Iran Endgames

Tuesday was another relatively quiet day in Iran, but this is likely a calm before the storm of protests that will return later this week.  A national strike is underway, and another big demonstration is slated for Thursday. How Thursday plays out will have major ramifications going forward.

KhameneiAs I wrote yesterday, this uprising is no longer about a preference for Mousavi over Ahmadinejad-- it's a response to the oppressive and violent nature of the regime that has been unmasked in recent weeks. This violence, along with the blatant electoral fraud, has critically undermined the Islamic Republic. Still, it's hard to imagine a popular overthrow of the government.  Fundamentally, the protesters are outgunned by military, paramilitary (Basij), police, and Revolutionary Guards who, all told, number in the millions.  They have the capability to put down nearly any sort of protest, and after what we've seen this week, one has to imagine they have the will, too.

But that doesn't mean Ayatollah Khamenei is invulnerable. Khamenei's power is legitimized by the clerical establishment in Iran. As the government has cracked down on its people, opinion among leading clerics appears to be solidifying against the Ayatollah. What's more, by getting personally involved in the muck of electoral politics, Khamenei has sullied himself among the clerics. On Thursday, the shock troops will have little choice but to crack down ever harder, but doing so will push even more clerics into the anti-Khamenei camp.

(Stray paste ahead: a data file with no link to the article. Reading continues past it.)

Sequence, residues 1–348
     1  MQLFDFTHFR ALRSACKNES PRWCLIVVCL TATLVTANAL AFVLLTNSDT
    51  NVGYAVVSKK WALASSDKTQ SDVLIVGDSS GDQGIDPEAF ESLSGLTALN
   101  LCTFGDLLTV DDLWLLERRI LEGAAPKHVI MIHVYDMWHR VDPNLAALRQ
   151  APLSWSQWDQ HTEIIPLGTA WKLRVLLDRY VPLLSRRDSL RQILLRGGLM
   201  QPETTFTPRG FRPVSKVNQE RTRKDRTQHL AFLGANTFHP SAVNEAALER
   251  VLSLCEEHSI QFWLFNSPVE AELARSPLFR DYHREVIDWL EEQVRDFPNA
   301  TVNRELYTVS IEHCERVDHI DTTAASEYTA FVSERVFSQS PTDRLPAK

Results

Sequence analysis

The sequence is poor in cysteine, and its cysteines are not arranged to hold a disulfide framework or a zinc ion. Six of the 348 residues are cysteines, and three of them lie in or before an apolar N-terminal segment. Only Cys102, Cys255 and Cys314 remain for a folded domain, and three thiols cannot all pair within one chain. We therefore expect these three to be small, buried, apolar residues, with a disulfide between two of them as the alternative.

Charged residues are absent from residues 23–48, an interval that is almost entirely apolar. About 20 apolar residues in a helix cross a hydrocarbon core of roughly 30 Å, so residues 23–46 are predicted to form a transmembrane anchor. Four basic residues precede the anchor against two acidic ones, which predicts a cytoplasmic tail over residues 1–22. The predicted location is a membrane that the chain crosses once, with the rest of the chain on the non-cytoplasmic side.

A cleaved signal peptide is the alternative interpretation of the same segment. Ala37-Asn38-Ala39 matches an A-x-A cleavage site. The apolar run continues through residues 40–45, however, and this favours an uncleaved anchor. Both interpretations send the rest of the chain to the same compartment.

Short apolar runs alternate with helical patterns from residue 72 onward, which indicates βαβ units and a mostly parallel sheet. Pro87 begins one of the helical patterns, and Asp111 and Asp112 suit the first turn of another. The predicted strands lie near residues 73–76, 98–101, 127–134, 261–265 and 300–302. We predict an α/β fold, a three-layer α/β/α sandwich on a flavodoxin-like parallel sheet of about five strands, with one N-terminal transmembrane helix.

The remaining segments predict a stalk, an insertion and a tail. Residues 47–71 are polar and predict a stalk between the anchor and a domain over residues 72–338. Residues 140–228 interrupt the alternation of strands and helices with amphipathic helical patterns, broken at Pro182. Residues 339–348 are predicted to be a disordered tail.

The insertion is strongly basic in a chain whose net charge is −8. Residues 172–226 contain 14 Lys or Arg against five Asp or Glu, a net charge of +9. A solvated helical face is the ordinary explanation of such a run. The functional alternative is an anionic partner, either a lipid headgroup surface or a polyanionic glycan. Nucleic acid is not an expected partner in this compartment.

This will likely be a gradual revolution, not unlike 1979, playing out over weeks and months, through cycles of protest, violence, and mourning.  But what we will be left with is Khamenei, delegitimized and short of supporters, and the Islamic Republic itself, delegitimized and in need of serious reform.  This will create an opportunity for Rafsanjani and his fellow reformist clerics to step in and create a government that takes seriously the human and civil rights of its people. 

There will be bloodshed, and it will take time, but with Iran's government and hardline leaders so critically delegitimized, it's hard to imagine an endgame wherein Khamenei and his Basij maintain their cruel power.